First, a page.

Enough Greek (language)!
Posted by Myer on Dec. 10, 2021, 7:27 a.m. in Australia
In the last few weeks the world learnt a new letter of the Greek alphabet, Omicron, and whilst I am in favour of classical learning I am not in favour of acquiring more knowledge about letters of the Greek alphabet when they are associated with new variants of the coronavirus. I was quite happy to stop my education in the classics at Delta. The new variant has caused quite a stir and most developed countries have (unfairly in my opinion) imposed travel bans on Southern African countries notwithstanding the fact that the variant is to be found in a vast array of countries.
Australia announced a closed border policy of restricting entry to the eight southern African countries but they have stressed that this is just a pause in the transition to opening of Australia’s borders until such time as they fully understand the virus, the transmissibility of it and the seriousness of the symptoms.
It comes at a time where Australia is suffering acute skill shortages across a number of sectors and skill shortages are felt across both skilled and unskilled workers. Articles and editorials on skill shortages tend to dominate the press in Australia and we frequently receive calls from employers inquiring as to whether we have workers in a vast array of industries.
Already we have received requests for roof plumbers and tilers, joiners, pharmacists, farmers, diesel mechanics, and electronics equipment professionals from employers who simply cannot find suitable skills in Australia. The shortages are most certainly not limited to the above occupations and anyone who works in a skilled occupation will have plenty of opportunities available to them when looking for work. In fact I don’t know if there is an industry in Australia that isn’t suffering acute skill shortages.
I read an article that the State of Victoria is suffering from a skills shortage of 4000 teachers. We had a shortage of teachers prior to Covid but it’s been exacerbated because not only have we not had the usual flow of migrants for the past two years but Australian students studying teaching haven’t been able to complete their teacher practical training because of lockdowns.
If skill shortages were not in themselves sufficient reason to encourage migrants, Australia relies upon migrants to build the economy, increase consumption, compensate for the low birthrate in Australia and provide a tax base for Australians wanting to retire.
Notwithstanding predictions regarding a baby-boom during the frequent lockdowns we endured, registered births fell by 3.7% in 2020 with the fertility rate at an all-time low of 1.58 babies per woman. It’s the first time in 14 years that registered births dropped below 300,000.
There are essentially two streams of skilled migrants entering Australia, those who acquire general skilled migration visas (points tested visas that don’t require offers of employment) and those that are sponsored by employers.
In the past employers have traditionally been reluctant to act as sponsors and for anyone who has been looking at recruitment related websites in the past you will notice how many employers have stipulated that workers must have “work rights”. They are essentially saying that there is a preference for those who hold general skilled migration visas because employers don’t have to sponsor these prospective employees as the general skilled migration visas give them work rights.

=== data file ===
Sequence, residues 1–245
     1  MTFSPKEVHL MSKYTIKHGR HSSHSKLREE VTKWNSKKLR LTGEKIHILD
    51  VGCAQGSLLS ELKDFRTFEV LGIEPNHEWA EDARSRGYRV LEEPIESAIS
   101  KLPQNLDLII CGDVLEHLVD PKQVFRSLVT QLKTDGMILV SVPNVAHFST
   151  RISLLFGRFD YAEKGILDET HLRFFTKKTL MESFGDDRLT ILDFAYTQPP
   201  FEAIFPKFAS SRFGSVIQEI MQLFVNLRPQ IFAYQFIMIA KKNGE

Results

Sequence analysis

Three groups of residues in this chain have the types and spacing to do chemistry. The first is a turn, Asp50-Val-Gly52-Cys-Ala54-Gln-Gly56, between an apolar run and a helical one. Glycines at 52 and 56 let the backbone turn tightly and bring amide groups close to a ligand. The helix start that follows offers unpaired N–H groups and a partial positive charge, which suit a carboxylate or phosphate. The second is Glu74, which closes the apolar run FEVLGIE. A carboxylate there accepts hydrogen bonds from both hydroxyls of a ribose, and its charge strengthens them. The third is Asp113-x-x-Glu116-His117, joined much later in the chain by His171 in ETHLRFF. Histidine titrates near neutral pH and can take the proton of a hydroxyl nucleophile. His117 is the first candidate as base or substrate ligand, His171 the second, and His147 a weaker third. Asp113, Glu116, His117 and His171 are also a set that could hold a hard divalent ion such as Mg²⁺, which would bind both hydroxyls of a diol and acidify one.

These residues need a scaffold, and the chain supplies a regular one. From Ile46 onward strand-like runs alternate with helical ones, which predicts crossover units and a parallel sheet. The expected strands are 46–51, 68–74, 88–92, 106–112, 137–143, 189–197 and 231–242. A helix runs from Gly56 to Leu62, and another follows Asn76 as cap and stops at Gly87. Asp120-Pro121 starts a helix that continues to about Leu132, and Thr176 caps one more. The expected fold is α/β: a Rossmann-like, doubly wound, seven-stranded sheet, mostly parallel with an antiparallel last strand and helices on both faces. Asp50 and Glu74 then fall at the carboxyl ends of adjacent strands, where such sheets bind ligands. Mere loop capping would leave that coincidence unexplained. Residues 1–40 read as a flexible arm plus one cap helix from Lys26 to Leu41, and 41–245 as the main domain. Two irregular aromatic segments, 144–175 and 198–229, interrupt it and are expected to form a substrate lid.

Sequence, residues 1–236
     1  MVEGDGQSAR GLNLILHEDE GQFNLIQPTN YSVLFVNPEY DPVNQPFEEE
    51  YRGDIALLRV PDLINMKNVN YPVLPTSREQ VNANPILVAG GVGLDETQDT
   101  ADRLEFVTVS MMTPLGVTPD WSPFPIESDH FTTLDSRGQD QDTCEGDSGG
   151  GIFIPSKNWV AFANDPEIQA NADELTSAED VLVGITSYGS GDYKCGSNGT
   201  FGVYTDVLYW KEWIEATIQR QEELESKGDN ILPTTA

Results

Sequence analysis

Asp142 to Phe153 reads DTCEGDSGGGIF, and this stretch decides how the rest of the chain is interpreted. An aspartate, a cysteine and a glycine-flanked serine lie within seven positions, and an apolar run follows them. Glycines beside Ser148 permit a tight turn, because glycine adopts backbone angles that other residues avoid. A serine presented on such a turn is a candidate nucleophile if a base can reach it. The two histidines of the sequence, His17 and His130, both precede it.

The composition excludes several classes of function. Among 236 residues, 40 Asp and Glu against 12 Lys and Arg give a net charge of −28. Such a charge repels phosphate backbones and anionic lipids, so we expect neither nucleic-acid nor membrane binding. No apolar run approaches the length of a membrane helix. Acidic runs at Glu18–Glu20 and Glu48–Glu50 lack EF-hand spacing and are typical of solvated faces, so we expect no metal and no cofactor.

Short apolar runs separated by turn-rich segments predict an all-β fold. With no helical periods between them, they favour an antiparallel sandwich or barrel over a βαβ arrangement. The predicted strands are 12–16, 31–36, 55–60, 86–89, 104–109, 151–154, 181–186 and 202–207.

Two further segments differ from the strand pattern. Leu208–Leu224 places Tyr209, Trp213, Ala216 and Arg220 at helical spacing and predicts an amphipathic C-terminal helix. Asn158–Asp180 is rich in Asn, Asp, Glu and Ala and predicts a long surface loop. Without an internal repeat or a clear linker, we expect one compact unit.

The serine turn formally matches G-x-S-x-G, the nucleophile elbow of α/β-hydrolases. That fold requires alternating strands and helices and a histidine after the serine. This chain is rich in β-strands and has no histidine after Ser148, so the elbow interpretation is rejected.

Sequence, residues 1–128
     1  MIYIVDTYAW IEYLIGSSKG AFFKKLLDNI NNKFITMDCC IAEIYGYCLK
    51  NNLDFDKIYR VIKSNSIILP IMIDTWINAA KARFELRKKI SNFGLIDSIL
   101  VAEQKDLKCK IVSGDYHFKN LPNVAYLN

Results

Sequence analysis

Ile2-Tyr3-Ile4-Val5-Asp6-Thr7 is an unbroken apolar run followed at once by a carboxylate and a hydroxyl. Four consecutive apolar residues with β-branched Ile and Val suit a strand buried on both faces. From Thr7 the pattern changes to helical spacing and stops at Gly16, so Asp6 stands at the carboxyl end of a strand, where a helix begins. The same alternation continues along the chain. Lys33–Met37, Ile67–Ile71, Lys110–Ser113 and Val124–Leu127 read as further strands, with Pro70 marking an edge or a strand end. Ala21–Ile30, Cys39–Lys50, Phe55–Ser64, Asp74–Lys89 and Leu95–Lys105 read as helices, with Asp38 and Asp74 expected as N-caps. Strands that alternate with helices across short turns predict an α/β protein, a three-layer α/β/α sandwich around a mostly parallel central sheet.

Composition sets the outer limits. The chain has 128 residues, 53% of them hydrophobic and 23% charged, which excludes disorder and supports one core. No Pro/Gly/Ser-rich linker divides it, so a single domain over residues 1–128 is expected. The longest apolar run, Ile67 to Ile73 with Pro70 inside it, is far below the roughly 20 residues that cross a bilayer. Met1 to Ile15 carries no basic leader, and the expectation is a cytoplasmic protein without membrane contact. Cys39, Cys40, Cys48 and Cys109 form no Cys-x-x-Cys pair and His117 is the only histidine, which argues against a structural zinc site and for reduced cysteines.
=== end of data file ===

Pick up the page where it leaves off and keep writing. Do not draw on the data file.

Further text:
“Sponsorship” is an expensive option for an employer, as it involves guaranteeing the repatriation of the employee (and other members of the family unit) if the employee cannot afford return airfare, payment to an Australian industry training fund of between $ 1200 – $1800 per annum (in advance) for each year of the term of the work visa, and payment of some of the government fees associated with the work visa.
Whilst employers might not want to act as sponsors they often don’t have a choice. The processing time of general skilled migration visas is generally 12 months and often the lengthy processing time doesn’t suit employers. They don’t have a choice but to sponsor temporary workers. If the lack of sponsored migrant is going to cost the employer more in terms of lost productivity, operational inefficiency or an inability to service existing contracts and acquire new business, then it’s a bit of a no-brainer - employers have to act as sponsors.
Australia will open its borders to more than the handful of countries that are allowed to enter Australia at present (Japan, South Korea and Singapore) in the early months of next year and I’m sure that within time, those from Southern Africa will be welcomed again.
When this occurs I think that employers will have no option but to embrace sponsorship of workers that they want to employ as I don’t think that the limited numbers of general skilled migration visas (amounting to approximately 28,900 places) is going to sufficiently satisfy employers needs, and whilst many employers may find themselves in the uncomfortable position of having to act as sponsor the needs of their businesses will dictate their actions in this regard.
All in all 2022 looks like being an interesting year for migration and a good one for our industry. With the dawn of a post pandemic migration era approaching, the opportunity for prospective migrants to consider a move to Australia has never been better.
It's about time, as after two years in the wilderness we were due for a bountiful harvest, and as for learning more Greek, Omnicron is as far as I would like to go, it's enough Greek for me.
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